S AMDECH Preah Maha Ghosananda does not need government help to defend this
year's peace marchers against violence or insecurity "because we have our own
(help)," he said, "we defend ourselves by using non-violence."
year's Dhamayietra - joining the international Interfaith Pilgrimage for Peace
and Life which started in Auschwitz, Poland in December, through 13 other
countries to end in Hiroshima, Japan in August - will be the biggest
About 100 walkers will cross the Thai border at Poipet on Sunday
afternoon and there join 800 or more Cambodians on a 24-day walk to
Maha Ghosananda has led thousands of Cambodians in three
previous Dhamayietras, literally pilgrimages of truth, across war-torn provinces
Training sessions have been held in preparation for this
march. About 600 people have already undergone "training" - consisting of an
introduction to non-violence, philosophy and disciplines of the walk, and mine
This year's march will also include Kol Saroth, a
monk who was wounded in the leg on last year's Dhamayietra; his leg has still
not healed properly.
The 25 year-old monk told the Post that he was
willing to join the march from Poipet to Vietnam though his left leg was
"I don't fear anything would happen even though I was injured in
the last march," he said.
"Being enthusiastic for peace I don't hesitate
to devote everything."
He said he did not get upset or angry when his leg
was wounded at the last march. Instead, he asked to be allowed to join the next
He said he really wanted to walk because he expected the
Dhamyietra would bring Cambodians peace and relive people from starvation and
"Now there is nothing to fear because after the last
Dhamayietra the war decreased and some regions appeared to be
Maha Ghosananda was also present at the beginning of the walk in
Auschwitz. He said he and thousands of French-Cambodians joined the march from
Poland to France. He had to fly back to Cambodia to prepare the Cambodian
Dhamayietra and receive the marchers at Poipet. He said the march had begun very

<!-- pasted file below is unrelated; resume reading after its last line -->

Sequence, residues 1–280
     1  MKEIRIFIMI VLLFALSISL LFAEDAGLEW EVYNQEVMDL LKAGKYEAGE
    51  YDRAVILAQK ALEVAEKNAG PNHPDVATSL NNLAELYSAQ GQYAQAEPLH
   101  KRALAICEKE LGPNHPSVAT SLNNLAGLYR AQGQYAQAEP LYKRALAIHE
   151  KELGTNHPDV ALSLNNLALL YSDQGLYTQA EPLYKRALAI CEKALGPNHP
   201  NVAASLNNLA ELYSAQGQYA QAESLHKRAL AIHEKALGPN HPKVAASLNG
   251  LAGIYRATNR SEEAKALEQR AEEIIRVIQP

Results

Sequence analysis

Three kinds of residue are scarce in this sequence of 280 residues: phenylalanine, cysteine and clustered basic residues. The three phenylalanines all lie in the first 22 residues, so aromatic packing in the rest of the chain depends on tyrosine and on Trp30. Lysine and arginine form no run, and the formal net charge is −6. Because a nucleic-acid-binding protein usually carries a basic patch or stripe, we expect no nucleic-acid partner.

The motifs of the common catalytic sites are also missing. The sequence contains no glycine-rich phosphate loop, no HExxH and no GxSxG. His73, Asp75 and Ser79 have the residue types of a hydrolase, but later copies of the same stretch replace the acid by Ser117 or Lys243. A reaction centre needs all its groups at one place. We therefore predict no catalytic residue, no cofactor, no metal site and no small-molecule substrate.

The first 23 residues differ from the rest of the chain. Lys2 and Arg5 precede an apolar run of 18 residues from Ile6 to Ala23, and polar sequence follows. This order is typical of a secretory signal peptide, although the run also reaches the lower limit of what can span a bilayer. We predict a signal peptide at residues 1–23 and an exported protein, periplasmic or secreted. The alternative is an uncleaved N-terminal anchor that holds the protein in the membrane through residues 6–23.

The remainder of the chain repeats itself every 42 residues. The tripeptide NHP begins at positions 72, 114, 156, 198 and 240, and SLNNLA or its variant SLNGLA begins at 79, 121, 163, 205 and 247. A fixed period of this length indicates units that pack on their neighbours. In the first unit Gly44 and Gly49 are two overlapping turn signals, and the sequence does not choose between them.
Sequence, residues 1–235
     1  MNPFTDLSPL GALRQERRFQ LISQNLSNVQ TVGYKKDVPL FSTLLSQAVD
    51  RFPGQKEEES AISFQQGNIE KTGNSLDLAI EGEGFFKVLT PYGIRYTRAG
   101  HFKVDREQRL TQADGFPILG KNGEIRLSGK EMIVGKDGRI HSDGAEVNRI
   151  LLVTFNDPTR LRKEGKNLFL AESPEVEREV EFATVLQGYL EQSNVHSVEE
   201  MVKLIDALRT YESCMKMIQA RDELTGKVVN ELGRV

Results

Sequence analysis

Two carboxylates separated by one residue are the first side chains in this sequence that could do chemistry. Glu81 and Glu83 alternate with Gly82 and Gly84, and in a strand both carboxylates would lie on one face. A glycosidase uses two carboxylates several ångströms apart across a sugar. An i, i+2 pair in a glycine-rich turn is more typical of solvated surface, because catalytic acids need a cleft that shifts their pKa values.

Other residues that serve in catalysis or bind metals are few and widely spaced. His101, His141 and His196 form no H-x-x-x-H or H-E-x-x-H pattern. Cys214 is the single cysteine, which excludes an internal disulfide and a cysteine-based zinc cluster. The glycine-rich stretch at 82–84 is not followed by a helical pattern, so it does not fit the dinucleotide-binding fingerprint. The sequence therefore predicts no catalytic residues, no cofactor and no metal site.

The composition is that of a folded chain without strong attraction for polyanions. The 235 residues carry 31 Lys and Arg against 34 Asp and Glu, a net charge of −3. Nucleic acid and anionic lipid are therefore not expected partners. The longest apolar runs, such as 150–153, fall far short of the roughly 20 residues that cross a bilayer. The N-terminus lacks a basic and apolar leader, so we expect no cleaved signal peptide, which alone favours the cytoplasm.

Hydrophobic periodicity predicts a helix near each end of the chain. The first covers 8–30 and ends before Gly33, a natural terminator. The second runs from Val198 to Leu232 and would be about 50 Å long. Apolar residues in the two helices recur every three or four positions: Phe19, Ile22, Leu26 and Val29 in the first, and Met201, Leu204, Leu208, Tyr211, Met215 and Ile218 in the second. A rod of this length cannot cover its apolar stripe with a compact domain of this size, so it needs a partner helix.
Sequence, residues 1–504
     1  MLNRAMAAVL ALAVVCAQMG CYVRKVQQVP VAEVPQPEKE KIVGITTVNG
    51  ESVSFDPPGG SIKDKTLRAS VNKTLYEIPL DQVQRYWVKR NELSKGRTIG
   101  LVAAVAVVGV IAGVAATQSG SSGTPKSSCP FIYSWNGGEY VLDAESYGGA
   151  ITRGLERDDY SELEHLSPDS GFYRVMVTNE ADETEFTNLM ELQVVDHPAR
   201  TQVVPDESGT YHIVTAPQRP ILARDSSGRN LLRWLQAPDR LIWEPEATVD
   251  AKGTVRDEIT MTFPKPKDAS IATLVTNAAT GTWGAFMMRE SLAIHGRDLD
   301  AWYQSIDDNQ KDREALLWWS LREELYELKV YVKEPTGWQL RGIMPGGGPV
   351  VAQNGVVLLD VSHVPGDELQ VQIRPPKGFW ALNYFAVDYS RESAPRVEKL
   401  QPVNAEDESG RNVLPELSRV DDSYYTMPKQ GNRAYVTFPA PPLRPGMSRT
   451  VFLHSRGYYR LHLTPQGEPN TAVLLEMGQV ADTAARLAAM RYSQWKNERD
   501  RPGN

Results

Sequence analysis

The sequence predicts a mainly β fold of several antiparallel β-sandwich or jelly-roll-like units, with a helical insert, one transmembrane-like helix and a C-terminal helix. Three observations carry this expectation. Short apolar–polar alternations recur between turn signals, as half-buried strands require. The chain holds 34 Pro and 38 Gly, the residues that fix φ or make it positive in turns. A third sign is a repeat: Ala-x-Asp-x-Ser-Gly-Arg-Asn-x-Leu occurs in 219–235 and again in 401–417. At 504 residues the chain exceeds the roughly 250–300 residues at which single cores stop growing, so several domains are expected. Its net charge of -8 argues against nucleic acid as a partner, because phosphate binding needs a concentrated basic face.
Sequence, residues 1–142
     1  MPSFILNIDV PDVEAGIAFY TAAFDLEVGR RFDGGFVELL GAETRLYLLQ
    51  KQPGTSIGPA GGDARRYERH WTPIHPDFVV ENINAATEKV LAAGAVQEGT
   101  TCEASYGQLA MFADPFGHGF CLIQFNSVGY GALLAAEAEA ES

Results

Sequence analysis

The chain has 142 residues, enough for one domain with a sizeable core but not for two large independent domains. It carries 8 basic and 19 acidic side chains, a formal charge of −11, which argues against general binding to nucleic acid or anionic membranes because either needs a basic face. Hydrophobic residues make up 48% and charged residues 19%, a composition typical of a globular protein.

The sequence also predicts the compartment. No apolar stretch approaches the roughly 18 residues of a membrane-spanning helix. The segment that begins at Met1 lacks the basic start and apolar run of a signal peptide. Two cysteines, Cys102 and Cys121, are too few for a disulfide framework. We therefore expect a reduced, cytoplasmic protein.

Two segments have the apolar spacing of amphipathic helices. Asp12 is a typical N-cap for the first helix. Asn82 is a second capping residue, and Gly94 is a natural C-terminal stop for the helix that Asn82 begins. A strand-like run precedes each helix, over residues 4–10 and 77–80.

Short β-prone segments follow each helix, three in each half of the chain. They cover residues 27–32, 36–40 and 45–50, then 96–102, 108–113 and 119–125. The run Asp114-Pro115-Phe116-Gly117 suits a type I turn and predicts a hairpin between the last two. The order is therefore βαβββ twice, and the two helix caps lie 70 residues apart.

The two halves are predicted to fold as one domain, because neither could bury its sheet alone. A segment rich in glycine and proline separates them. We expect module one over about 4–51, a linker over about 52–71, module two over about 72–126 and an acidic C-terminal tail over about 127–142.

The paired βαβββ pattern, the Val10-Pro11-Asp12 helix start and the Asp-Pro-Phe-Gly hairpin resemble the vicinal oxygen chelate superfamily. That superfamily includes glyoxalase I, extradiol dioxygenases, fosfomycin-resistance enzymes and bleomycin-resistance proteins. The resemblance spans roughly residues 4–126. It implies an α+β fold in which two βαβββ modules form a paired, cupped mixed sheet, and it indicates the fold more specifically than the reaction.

The aims of this year's Dhamayietra are: to offer heartfelt prayers
for the victims of all wars; to make an honest resolve for peace and real
national unity for Cambodia; to ask and support the non-violent and peaceful
resolution of all local and regional disputes; to demand that mine production,
importation and laying be stopped and all land mines destroyed; and to plant
trees along the way as a symbol of ending logging.
Walkers would not be
allowed to use vehicles, drugs, alcohol, weapons or party banners and logos.
"The Dhamayietra does not serve any party," said Kim Leng, chief of Dhamayietra
She said the walkers would not be allowed to react even if
there was violence, death threats or propaganda. They must keep
The march would use yellow banner, representing
The Dhamayietra manager said walkers would find food along the
way at pagodas where they would stay at night.
He said some NGOs would
carry materials and water for the walkers.
A 57-year-old nun from
Battambang said she regretted that she did not join the last Dhamayietra, said
she would joing the march from the begining at Poipet till the end at Svay
Rieng. " I am willing to join this Dhamayietra because I want peace. I don't
fear anything will happen to me," she said.
Maha Ghosananda said the next
Dhamayietra would be held again on May 13 next year.
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